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How Will COVID-19 Change the Way We Move?

As Canadian cities begin to reopen, we look forward to what the world will look like post-COVID.

Alex Kelly
by Alex Kelly

Right now, there is a high likelihood that the COVID-19 pandemic has impacted your life in some way. Businesses, schools, and lives have all changed as the world unites, committing to saving lives by staying home. With this brings immense change and adaptation as communities try to understand how COVID-19 changes our everyday life.

While leaders work to define the future amongst shifting sands of the pandemic, we are closely watching the impacts on transportation. As it all unfolds, it begs the question: How will COVID-19 change the way that we move?

COVID-19 response 

2020 brings a world that is connected on every level ­— from the internet to mobile devices, from municipal transit to air travel criss-crossing the globe. This interconnectedness served as a catalyst for COVID-19, allowing the coronavirus to rapidly spread around the world from China, the pandemic’s ground zero. The country’s early response of shutting down travel — particularly around major Chinese holidays – initially seemed aggressive, but is now credited as an early prevention measure.

Countries around the world have followed suit, restricting travel and encouraging social distancing. Some are very directive about mandatory lockdowns, while other nations are appealing to a sense of camaraderie, seen in Canada’s invitation to #flattenthecurve. Increasingly, work-from-home models have seen non-essential businesses operating exclusively through telecommunications, if they haven’t had to close entirely. 

Mobility report

Source: Apple

When everyone stays at home, what happens to transportation?

Safe driving is essential in COVID containment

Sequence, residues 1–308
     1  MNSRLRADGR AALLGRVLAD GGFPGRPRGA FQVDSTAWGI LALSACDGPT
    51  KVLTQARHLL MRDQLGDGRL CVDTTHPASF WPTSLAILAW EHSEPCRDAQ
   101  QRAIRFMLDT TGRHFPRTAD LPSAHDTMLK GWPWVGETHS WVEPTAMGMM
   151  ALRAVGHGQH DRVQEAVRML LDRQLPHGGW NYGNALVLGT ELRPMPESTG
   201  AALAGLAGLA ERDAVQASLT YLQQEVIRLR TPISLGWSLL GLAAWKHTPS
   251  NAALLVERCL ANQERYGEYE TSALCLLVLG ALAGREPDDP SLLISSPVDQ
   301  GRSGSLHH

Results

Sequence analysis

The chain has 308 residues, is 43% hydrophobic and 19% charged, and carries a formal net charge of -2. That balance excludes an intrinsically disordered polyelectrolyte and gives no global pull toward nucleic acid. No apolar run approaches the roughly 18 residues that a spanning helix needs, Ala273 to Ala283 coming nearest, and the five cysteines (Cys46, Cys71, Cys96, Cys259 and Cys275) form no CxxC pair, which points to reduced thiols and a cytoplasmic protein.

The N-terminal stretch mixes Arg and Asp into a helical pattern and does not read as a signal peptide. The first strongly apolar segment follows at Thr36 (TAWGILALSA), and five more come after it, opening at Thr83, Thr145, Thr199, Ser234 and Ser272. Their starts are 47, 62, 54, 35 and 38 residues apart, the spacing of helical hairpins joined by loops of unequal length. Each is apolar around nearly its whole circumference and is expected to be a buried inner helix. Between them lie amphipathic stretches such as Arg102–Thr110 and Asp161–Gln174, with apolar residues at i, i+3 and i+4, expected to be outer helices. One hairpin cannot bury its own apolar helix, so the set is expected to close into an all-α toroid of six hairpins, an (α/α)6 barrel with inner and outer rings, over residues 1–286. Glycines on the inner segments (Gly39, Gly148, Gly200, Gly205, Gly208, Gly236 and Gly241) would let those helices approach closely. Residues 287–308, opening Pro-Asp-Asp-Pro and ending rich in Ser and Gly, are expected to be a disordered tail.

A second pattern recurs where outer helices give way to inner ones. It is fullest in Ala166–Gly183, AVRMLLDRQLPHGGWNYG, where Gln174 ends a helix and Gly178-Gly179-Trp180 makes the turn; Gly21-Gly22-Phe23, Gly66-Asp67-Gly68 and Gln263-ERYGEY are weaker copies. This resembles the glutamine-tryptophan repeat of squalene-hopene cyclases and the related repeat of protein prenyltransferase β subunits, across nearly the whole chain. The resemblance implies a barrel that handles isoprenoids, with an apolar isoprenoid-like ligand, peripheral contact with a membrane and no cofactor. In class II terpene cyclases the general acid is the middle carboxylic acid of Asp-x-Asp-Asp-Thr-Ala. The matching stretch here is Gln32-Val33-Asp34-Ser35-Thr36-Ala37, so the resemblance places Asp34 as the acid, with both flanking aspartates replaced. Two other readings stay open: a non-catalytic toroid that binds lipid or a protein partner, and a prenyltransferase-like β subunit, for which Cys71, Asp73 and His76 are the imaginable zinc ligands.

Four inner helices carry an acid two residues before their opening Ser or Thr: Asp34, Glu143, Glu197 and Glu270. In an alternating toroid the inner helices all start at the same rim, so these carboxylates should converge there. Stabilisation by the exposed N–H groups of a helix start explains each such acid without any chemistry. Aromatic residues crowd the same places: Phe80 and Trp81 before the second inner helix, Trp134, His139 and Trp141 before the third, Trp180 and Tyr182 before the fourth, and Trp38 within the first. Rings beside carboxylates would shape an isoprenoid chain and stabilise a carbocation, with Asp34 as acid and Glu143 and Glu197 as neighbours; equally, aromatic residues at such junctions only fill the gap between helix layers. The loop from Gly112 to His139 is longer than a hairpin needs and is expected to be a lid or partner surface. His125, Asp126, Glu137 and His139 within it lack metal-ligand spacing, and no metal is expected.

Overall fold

The concepts of social distancing and curve flattening are new to most, and people are trying to decipher what it means and how to live amidst new regulations and rules. Regardless, the intent is clear; to reduce the load on the healthcare systems, Canadians need to slow the progression of the virus by staying home and staying healthy. 

One of the best ways to ease up on healthcare? Drive carefully and prevent road-related injuries. While public health agencies are shifting their focus to COVID-19 prevention and management, the responsibility for road safety diligence rests with the public — the devastating impact of transportation collisions may strain all healthcare resources, including personnel, protective equipment, and hospital space.

Ripple effects through transit

Transportation has been rapidly evolving throughout the COVID-19 response, with shifts from public transportation to private options like rideshares or personal vehicles, or increases in active transportation — as seen in growing cycling communities as more people choose to cycle overcrowded subway systems. Early changes to transportation modalities and routes, as well as increases in congestion, foreshadowed the impact COVID-19 may have on how we move.

Current government social distancing mandates now have most of us staying home, except to stock up essential supplies. Early reports suggested that only one in six Canadians were leaving their neighbourhood and Toronto’s subways have seen ridership dive by 80%. Vancouver’s regional public transit agency is reporting $2.5M in losses every single day, while the Toronto Transit Commission has posted up to $20M in losses per week

TTC graph

Source: Twitter

Speeding and street racing on the rise

Without urban congestion, road speed continues to climb as drivers are freed from gridlock. During the first two weeks of Ontario’s state of emergency (March 15-31, 2020), Toronto Police Services cited 2,727 speeding offences, up 35% from comparable 2019 statistics. 

For some, the wide-open highways are too tempting to avoid. Enforcement agencies are reporting numerous cases of street racing, with drivers using public roads as their own private racetracks. In March, Toronto Police Services reported that ticketing for street racing, with speeds 50 km/h over a posted limit, has increased nearly 200%, when compared to this time last year. Similarly, York police saw a 60% increase in ticketing for street racing. 

Speeding graph

Source: CTV News